The trade in human body parts has flourished even as concerns grow about how tissues are obtained and how well grieving families and transplant patients are informed about the realities and risks of the business.
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One of the biggest players in the global trade in human tissue has suspended its partnership with suppliers in Ukraine, where authorities have carried out multiple investigations over allegations of illegal tissue recovery.

RTI Biologics, a Florida-based manufacturer of medical implants made from skin, bone and other human parts, “made a decision to voluntarily suspend import of tissues from Ukrainian institutions,” the company said in a statement Thursday.

Congressional staffers and the Pentagon announced this week they were reviewing contracts the government holds with RTI and its German subsidiary Tutogen Medical. The International Consortium of Investigative Journalists reported in July on RTI’s relationship with morgues under investigation for allegedly forging documents or bullying families into signing donor consent forms.

“We comply with comprehensive regulations, both from U.S. regulatory authorities and those of other countries, that govern each and every activity performed by tissue banks,” RTI said.

Ukrainian law, like U.S. law, requires donors or their loved ones give express consent before tissue can be recovered.

The trade in human parts is a billion-dollar industry that is growing and changing so rapidly, legislation has a hard time keeping pace. It is illegal in most countries to buy or sell human parts, but companies can charge fees for handling the tissue. RTI is a publicly-traded company that warns its stockholders, “the supply of human tissue has at times limited our growth, and may not be sufficient to meet our future needs.”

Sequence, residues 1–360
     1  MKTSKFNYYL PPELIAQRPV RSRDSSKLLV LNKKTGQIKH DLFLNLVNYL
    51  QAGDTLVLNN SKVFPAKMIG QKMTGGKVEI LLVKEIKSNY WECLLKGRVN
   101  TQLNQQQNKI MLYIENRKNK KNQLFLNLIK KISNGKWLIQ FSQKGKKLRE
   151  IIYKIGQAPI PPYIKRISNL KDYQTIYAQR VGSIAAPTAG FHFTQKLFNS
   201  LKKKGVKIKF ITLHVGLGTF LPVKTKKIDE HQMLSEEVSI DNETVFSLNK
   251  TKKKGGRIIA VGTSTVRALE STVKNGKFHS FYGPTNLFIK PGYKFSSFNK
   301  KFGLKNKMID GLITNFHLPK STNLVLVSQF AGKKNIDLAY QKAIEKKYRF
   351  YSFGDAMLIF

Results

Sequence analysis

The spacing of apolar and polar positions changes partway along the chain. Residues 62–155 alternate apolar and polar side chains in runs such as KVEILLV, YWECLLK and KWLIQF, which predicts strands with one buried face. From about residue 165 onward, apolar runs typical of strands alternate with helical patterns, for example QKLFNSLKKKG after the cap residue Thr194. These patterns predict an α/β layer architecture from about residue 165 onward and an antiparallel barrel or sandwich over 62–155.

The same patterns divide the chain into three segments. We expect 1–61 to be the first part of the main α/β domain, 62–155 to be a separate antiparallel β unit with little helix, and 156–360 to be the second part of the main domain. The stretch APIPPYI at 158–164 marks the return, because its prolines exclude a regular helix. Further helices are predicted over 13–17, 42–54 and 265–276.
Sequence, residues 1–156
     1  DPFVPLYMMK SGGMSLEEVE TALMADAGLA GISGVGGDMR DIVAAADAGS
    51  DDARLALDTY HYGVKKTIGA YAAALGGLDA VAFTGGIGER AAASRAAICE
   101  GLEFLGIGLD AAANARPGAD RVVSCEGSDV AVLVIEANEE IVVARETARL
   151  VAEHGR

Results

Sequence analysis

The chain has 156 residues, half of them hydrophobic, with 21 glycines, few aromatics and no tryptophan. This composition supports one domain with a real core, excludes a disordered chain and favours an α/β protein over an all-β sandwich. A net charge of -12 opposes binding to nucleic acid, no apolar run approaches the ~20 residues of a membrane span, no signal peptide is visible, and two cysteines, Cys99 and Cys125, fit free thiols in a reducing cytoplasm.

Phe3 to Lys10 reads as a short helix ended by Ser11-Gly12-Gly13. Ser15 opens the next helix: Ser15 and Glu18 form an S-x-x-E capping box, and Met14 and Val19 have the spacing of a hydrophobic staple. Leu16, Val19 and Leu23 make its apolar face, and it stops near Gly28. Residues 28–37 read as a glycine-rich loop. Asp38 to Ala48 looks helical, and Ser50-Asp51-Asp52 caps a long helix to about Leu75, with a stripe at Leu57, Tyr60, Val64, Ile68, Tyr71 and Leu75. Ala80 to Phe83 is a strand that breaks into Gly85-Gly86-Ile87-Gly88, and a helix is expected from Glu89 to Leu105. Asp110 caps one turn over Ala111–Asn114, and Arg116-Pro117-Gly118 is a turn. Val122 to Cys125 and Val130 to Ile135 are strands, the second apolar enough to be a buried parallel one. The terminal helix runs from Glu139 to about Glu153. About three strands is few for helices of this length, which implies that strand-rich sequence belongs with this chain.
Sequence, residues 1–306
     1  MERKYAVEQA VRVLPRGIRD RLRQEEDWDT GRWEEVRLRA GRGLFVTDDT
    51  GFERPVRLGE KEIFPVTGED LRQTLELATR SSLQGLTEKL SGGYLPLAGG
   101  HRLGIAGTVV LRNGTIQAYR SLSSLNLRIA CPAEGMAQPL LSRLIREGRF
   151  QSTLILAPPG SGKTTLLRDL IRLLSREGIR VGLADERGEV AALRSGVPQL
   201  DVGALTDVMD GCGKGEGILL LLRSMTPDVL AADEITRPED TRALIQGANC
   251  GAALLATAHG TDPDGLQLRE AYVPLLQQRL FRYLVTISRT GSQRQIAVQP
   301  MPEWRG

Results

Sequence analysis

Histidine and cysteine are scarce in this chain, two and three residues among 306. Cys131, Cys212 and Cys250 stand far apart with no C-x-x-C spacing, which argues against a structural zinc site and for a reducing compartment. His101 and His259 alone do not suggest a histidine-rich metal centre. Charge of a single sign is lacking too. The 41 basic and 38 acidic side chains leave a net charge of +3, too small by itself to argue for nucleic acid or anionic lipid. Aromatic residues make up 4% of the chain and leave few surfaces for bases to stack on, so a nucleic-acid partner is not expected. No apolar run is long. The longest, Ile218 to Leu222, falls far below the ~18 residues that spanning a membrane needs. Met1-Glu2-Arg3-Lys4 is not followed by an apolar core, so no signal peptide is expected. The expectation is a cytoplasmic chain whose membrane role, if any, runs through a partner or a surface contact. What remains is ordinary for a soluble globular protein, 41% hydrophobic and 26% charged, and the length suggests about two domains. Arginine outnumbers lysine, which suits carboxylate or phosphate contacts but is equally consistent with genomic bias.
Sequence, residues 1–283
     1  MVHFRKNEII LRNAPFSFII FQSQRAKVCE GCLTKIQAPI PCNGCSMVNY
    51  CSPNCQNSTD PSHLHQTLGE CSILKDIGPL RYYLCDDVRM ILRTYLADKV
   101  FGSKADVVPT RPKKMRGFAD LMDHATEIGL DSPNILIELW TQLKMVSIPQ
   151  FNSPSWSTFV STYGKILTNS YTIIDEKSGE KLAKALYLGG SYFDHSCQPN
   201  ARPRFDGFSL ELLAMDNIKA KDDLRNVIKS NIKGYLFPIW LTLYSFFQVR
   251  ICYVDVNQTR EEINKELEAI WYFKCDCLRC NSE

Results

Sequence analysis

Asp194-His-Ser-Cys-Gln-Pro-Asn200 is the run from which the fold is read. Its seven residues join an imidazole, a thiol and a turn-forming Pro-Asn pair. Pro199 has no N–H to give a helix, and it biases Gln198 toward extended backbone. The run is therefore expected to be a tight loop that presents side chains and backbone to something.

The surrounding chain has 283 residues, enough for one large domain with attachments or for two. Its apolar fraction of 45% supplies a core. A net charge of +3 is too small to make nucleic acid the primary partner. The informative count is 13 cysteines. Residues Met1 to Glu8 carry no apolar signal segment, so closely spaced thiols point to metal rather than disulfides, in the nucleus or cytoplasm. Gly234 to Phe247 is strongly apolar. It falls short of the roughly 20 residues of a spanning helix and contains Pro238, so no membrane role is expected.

RTI obtains tissue from more than 30 procurement agencies in the United States as well as in places such as Ukraine. The company supplies hospitals in more than 30 countries and in all fifty states. Records show the company has offered Ukrainian tissue to hospitals in New York.

German officials had planned a September inspection of 10 Ukrainian morgues that supply Tutogen, according to Ines Schantz, a spokeswoman for the Upper Bavarian government in Germany. But the company withdrew its licenses to import tissue from Ukraine into Germany on August 20.

The German government subsequently cancelled its plans to inspect the foreign tissue agencies. “After the removal of all the institutes from the import license, there was no legal basis any longer to perform the planned inspection,” Schantz said.

She said German authorities continue to investigate human tissues already imported from the Ukraine.

ICIJ’s eight-month investigation revealed that Tutogen, which was acquired by RTI in early 2008, has for years relied on its Ukrainian suppliers for a significant amount of human tissue in spite of concerns raised within the company more than a decade ago and a series of subsequent investigations.

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